Working toward God’s justice in our community

I have been very grateful over the past decade to work with Jeff Trask, one of New Covenant’s pastors, and to be pushed toward a deeper concern for God’s justice by Jeff’s concern and his gifts. Below are some of Jeff’s recent thoughts about the practice of predatory lending that is becoming rampant in our town, in our society and in the world. This is a justice issue that our fellowship’s Mercy Missions and Justice (MMJ) group will be focusing on in the coming months.

Jeff refers to a passage in Exodus that I’d like to make an exegetical note about before turning to Jeff’s challenge. The Torah was originally set in a rural barter economy with very little money involved, so the loans being addressed were at the level of daily, weekly, and monthly subsistence, not at the level of business deals, credit cards payoffs, or transportation. As early as Jesus’ time, it had become evident to Rabbi Hillel that a more urban and money-oriented economy would actually punish the poor if the commandments of the Torah were not adjusted to the realities of the urban and international context of his day. So, as is often true in living God’s word today, we need to respond to the original purpose, which actually may lead to a different praxis (practice, or incarnation of the purpose).

In our economy and highly technological/urban/money-oriented culture, the goal is not to pass laws forbidding any interest, since that would guarantee that most poor people would not get a needed loan at all, but to challenge our society to do what both Jesus and Moses taught and find ways to help protect the poor from being oppressed by the money system. This would mean making loans that can truly help, and limiting the amount of interest allowed.

Here is Jeff’s challenge to us concerning God’s justice:

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Some injustice is invisible, while some forms of injustice are sensed, but not clearly seen. Then there is injustice that is as clear as the best LCD picture the television industry has to offer. The practice of predatory lending is that type of crystal clear injustice.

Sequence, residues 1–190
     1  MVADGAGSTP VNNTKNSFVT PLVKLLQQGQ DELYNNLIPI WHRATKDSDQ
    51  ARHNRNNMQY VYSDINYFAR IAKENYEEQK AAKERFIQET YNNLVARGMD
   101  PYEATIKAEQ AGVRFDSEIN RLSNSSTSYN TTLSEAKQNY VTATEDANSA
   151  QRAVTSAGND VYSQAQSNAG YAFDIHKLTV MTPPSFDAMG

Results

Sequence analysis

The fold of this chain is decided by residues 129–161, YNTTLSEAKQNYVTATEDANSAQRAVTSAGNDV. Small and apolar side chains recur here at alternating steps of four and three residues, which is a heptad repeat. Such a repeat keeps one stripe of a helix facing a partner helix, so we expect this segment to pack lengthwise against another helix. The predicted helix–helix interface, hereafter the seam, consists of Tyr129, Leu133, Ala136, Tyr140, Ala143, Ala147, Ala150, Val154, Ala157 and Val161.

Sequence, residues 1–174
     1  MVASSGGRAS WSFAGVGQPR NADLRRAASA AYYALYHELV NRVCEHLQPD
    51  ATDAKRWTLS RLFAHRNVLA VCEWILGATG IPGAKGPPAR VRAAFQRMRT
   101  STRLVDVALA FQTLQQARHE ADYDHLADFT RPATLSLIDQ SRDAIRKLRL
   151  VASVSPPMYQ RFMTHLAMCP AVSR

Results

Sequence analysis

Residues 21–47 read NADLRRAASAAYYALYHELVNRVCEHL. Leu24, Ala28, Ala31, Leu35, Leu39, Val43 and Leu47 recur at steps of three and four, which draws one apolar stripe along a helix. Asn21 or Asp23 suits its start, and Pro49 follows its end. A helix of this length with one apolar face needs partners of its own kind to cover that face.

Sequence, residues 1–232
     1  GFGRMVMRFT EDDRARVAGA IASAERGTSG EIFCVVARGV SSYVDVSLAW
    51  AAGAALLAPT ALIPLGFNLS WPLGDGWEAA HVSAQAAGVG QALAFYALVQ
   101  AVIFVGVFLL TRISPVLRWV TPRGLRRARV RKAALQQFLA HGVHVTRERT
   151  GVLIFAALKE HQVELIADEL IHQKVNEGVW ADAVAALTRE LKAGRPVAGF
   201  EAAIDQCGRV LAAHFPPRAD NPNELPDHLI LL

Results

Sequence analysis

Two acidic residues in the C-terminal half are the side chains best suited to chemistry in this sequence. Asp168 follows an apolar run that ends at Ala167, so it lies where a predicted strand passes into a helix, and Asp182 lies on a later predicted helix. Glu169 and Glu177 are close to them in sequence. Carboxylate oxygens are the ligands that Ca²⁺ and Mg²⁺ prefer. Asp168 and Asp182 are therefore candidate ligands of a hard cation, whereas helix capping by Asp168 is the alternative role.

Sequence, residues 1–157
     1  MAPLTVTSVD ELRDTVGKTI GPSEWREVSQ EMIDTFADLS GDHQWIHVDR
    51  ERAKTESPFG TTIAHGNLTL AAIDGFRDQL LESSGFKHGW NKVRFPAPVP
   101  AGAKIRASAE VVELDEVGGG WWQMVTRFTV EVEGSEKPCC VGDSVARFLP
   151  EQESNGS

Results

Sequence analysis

In Illinois, payday lenders are legally allowed to charge 404% interest on a loan. Yes, that is not a typo—that’s four hundred and four percent. One may think, “Who in the world would get a loan under those terms?” The quick and easy answer is “Those who are desperate and have no other means to obtain money to pay for past-due rents, groceries, utility bills, car repairs (so they will not lose their jobs), medications, and a host of other necessary expenses.

Payday lenders are no less predatory than Jaws on an empty stomach. Instead of fish, payday lenders feed off of poor peoples’ desperation. And once someone gets caught in their jaws, escape is highly unlikely. What’s worse is that these places have favor with politicians who do not regulate the outrageous interest rates, as well as big banks who give them loans at 2-3% interest (so they in turn can charge poor people 404% interest). For example, Bank of America received 45 billion interest free dollars from TARP money (from taxpayer dollars), and in turn loaned out $170 million to payday lenders. This is the kind of deep-seeded injustice that slaps you in the face and dares you to say anything about it.

Fortunately, solutions do exist. Several states have already made laws prohibiting these outrageous interest rates, and therefore do not have payday lenders draining money from their communities. Furthermore, efforts are being made to have cities create interest rate caps of 36%, thus effectively putting these places out of business. On a national scale, Donald Rumsfeld led the charge that created laws prohibiting payday lenders to give loans to military personnel and their families (they face fines of $20,000 if they do).

This is one area of injustice that God even covered way back in Exodus saying, “If you lend money to one of my people among you who is needy, do not treat it as a business deal; charge no interest.” I hope we all find a way to be a part of eradicating one of the most horrific, open acts of injustice in our society, including right here in Champaign-Urbana.

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For more information about the efforts being made to combat predatory lending in Illinois, visit the Illinois People’s Action website.

Also read about Grace Period, Inc., a non-profit loan alternative program in Pittsburgh that is being explored for possible replication here in Champaign-Urbana.

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